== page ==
Compex: Which program/s do you like to use?
Ray: Mostly Strength, all recovery and massage modes, and Pain Management modes.
Compex: Do you use other Compex products?
Ray: Yes! I use the Fixx, and now I love that too!
Compex: Hi there Christos, great to meet up with you - please tell us a little bit about yourself?
Christos: Hello to all Compex fans! My name is Christos Volikakis. I live in Greece, I am an Elite Track Cyclist and a proud affiliated athlete of the Compex Greece Team.
Compex: What sport do you do and how did you get into it?
Christos: I started at a very young age the exciting sport of cycling. My inspiration was my father who is a former Coach of Greek National cycling team, so I literally loved this sport. Success came early in my career regarding several world and European level discriminations.
In brief, I was the first ever Greek Cyclist who won a Gold medal in World Championships. I earned 4 medals in World Championships, 9 medals in Europe Championships , 30 medals in World Cups and over 80 Gold Medals in Greece Championships
I hold 11 national Records and I am in 1st place in world Rankings on the event of Scratch Race , 1st place in omnium Race and 3rd place on Point Race.
I was voted 2nd best athlete in peoples voting following NBA mvp Giannis Antetokunbo and ahead of Tennis player Stefanos Tsitsipas. I was also voted as 4th best Greek athlete on journalist official voting for last season plus the best upcoming talent in my early years.
I won 2 Gold Medals on the 2nd European Games in Minsk on 2019 and as a result I became the Flag Bearer Of Greece in the closing Ceremony.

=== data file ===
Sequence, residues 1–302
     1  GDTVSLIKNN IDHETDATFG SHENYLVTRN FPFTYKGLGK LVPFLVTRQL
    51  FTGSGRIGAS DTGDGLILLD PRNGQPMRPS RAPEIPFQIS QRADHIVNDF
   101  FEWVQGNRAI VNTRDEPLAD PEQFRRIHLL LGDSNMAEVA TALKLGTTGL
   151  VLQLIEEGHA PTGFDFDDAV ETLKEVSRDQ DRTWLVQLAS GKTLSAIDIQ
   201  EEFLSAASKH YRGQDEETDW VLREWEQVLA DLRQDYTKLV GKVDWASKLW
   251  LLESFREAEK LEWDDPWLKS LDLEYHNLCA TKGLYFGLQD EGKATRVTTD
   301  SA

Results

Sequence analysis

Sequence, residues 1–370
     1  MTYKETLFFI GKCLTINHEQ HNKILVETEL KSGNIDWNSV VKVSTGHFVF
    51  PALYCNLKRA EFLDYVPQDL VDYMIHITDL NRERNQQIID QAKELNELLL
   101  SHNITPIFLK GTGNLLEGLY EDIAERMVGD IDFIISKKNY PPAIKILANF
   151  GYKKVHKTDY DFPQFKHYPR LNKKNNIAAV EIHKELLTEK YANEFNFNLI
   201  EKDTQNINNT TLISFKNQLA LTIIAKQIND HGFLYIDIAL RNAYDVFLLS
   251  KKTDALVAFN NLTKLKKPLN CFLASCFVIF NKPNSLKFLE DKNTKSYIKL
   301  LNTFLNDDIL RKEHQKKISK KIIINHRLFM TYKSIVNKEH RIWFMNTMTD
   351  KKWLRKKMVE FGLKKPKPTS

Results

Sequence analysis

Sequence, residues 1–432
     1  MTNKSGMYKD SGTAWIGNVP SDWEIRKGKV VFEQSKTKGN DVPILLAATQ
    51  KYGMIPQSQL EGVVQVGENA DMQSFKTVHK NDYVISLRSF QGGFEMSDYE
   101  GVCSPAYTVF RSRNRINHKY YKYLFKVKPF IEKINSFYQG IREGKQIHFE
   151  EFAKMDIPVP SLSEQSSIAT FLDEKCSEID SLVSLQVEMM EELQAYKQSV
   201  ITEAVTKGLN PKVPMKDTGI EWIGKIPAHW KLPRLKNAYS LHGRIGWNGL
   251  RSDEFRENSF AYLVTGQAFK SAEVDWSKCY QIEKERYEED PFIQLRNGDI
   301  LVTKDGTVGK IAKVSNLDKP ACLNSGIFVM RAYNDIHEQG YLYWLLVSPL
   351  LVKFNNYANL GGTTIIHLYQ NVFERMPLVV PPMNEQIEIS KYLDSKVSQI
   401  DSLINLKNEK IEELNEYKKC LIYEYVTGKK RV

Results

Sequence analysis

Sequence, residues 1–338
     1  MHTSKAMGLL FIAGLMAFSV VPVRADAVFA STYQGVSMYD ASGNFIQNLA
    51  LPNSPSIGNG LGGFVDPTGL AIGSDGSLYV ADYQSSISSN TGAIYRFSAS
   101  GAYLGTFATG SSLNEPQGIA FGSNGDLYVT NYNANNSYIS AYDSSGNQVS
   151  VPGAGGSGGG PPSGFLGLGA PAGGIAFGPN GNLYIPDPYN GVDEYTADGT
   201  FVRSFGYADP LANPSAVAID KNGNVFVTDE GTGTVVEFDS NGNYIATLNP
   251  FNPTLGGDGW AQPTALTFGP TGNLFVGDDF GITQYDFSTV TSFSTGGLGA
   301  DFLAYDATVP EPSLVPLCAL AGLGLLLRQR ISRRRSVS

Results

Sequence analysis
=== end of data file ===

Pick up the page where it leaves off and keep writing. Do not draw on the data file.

I am so happy to be an Olympian athlete for 3 consecutive Olympic Games ( Beijing 200813th place – London 2012 9th place, & Rio 2016 13th place.
For the last 20 years I have been serving with love and excitement this hard and impressive sport which is so popular worldwide.
Compex: How does Compex Muscle Stim help you to find a competitive edge?
Christos: My sport and training are very demanding. I count on Compex for my continuous recovery and strength – endurance training to empower my body. Warming up my legs is vital before cycling. I really avoid injuries like this. I use on weekly basis endurance programs while cycling, plus dynamic strength training with extra weight. I always use recovery programs right after the training and I repeat them within the next 3 hours. I believe Compex is essential for all cyclists who want to improve.
Compex: Which program/s do you use?
Christos: In terms of training I use Endurance and Strength programs in dynamic trainings. I always use Warm Up or Overcompensation programs before trainings. Capillarization is also helping my legs to function better.
For recovery I use competition / training recovery , Muscle pain and reduce Muscle Soreness mainly. The end of the day finds me always with some reviving massage on my legs and my back.
Compex: Do you use other Compex products?
Christos: Yes, I use Fixx 1.0 massage gun of course. It boosts my pain relief and relaxes my muscles after training. I also use it sometimes for warming up my legs.
Compex sat down with French Personal Trainer, Mevenig Rio, to discuss his experiences with Compex and how it can aid your training routine.
I work in a gym, but also at home. My clientele is varied and interested in everything from health, returning to sports, aesthetics, self confidence, and weight loss, to more specific objectives related to weight training, running, cycling, and preparing for police or fireman contests.
I began using Compex® in my own workouts to improve recovery. Once I had discovered its other features I used it for pain management, massage, and physical preparation. Then I used it with my clients in their personal training sessions, which gave them added value and improved my coaching.
I use Compex® a lot in combined sessions; I combine voluntary exercises with Compex contraction to boost and energize my sessions and get results more quickly, and with both beginners and experienced athletes. It is the choice of the exercise associated with Compex® that will enable maximum muscle fibres, optimized training and help achieve better results.